Stage 2 of the GR 121 is a walk of two halves, but certainly worth walking.
When the first half of a football/soccer game is totally different from the second, the commentator will often describe it – rather unimaginatively – as “a game of two halves.” This stage of the GR 121 is most definitely “a route of two halves.”
First Half (La Roche to Genappe)
La Roche (Brabant) railway station is a humble start for the walk. It’s so decrepit that there’s not even a bench to sit on. But as long as the train continues to stop there, that’s what’s important, not the decor and furniture.
It took me three trains to reach La Roche, but I didn’t mind at all. I enjoy travelling by train; I arrive at my destination considerably more relaxed than by car, after spending the time reading a book and drinking a coffee.
Immediately upon leaving the station you are in the countryside of Brabant Wallon, and lovely countryside it is too.
For ten kilometres you will walk through some pretty copses, criss-cross the River Dijle, cast admiring glances at picturesque cottages, dit bonjour to some equally pretty horses, stretch your legs on some gentle ups-and-downs, and generally come to the conclusion that this is an extremely pleasant walk.
Second Half (Genappe to Nivelles)
How different this stretch is! Basically it consists of walking along farm tracks through heavily cultivated lands full of potatoes, wheat, potatoes, barley, potatoes, maize, potatoes, potatoes and potatoes.
Some tracks are so straight that a passing Roman would turn green with envy. Part of the route runs so close to a busy and noisy motorway that you can’t even hear yourself complaining.
And everywhere seems so sterile. In the whole of ten kilometres the only significant observations were two yellow wagtails flying overhead (probably heading for somewhere more interesting), one rabbit, and a few butterflies vainly trying to find a wild flower that had managed to resist being nitrated to death.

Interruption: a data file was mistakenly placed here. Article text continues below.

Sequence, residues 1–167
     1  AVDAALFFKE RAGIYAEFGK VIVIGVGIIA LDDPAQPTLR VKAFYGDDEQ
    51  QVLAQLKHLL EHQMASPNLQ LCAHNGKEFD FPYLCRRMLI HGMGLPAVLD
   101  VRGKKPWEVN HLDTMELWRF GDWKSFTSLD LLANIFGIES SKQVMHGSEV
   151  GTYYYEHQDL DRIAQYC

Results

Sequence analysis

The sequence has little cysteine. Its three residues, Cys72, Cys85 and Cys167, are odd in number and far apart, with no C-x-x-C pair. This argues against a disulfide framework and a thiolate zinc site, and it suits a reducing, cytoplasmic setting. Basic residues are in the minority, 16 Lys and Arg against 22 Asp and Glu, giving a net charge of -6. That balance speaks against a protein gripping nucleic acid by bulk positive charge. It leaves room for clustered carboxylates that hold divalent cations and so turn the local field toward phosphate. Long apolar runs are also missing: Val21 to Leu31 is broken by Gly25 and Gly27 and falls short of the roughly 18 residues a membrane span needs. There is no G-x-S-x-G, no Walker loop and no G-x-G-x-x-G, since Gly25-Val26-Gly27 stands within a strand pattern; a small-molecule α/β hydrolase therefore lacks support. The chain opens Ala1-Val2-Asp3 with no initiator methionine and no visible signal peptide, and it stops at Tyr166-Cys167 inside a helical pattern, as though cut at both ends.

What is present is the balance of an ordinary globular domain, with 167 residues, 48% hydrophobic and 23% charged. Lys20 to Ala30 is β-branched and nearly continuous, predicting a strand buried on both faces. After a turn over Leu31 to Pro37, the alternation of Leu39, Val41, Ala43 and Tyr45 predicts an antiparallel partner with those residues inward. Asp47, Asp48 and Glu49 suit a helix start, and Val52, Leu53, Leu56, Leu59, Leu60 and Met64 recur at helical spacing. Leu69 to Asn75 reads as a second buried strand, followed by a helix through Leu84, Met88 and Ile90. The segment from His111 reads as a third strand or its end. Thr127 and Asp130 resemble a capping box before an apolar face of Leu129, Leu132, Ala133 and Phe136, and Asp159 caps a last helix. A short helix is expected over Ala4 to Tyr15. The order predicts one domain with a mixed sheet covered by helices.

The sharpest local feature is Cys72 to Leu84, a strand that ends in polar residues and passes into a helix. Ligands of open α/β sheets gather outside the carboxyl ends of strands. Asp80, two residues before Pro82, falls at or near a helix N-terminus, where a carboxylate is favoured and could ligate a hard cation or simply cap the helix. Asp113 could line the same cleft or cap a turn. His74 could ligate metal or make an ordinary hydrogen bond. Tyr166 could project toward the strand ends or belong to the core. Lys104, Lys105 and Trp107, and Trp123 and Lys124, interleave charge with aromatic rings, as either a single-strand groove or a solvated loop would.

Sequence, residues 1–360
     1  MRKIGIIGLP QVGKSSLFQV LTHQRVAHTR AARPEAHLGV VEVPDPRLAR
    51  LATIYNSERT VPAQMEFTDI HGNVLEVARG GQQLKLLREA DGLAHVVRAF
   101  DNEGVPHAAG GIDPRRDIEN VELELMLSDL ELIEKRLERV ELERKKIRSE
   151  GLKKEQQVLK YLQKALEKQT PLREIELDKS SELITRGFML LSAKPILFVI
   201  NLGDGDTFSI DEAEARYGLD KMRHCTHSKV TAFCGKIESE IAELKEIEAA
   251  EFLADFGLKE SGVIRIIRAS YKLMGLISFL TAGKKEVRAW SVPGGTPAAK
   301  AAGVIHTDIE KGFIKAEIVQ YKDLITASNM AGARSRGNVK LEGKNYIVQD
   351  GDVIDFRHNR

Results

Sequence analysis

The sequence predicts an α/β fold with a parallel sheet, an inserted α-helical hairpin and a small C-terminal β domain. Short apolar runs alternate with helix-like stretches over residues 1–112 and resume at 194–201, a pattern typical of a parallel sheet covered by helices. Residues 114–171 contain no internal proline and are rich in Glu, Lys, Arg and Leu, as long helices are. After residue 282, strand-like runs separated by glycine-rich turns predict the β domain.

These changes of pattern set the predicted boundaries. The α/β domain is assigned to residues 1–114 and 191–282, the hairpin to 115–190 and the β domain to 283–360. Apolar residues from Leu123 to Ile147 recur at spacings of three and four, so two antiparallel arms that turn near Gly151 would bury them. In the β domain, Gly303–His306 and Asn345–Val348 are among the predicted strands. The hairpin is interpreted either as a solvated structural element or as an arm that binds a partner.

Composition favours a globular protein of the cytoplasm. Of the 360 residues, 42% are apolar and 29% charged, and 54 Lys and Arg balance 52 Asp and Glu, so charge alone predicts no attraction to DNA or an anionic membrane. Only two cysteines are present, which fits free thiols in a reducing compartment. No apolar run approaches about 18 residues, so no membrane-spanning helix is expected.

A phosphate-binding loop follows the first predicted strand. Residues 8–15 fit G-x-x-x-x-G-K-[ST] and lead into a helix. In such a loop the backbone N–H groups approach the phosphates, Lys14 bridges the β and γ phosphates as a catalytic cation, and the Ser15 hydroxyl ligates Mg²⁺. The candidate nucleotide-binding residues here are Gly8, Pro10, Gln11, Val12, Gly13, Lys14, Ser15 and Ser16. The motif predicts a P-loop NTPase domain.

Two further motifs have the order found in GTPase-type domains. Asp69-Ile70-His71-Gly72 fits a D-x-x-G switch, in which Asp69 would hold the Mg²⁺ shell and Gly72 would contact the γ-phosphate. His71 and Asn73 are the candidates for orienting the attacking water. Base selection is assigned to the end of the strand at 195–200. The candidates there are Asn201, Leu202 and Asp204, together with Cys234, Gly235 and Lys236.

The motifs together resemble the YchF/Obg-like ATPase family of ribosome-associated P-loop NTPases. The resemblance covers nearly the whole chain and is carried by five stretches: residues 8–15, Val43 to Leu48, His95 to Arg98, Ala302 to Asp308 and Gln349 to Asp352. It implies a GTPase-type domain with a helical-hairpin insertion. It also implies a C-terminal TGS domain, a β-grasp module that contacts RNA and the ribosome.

Now and again I heard grasshoppers reeling away in the grass. And there was a small murder of crows in one field, presumably looking for the grasshoppers to crunch.
But apart from that. Not a lot …
If you are simply wanting a pleasant country walk, then you might want to walk the first half to Genappe twice. In other words, walk to Genappe, look around the village, maybe seek some refreshment there, and then turn around and retrace your steps to La Roche. Walks always look completely different when you do them in the other direction, which is not surprising as you have a totally different viewpoint.
Of course, if completing the GR 121 is one of your objectives, you simply have to grin and bear it. Not every walk of every long-distance footpath is exhilarating, and you just have to make the best of the bits that aren’t. And no matter how boring parts of a path can be, it will involve a healthy dose of fresh air and exercise, which is always good.
Below is the map of the route, which you can download as a PDF. Total distance is 20 km. The GPX track is on my RouteYou page.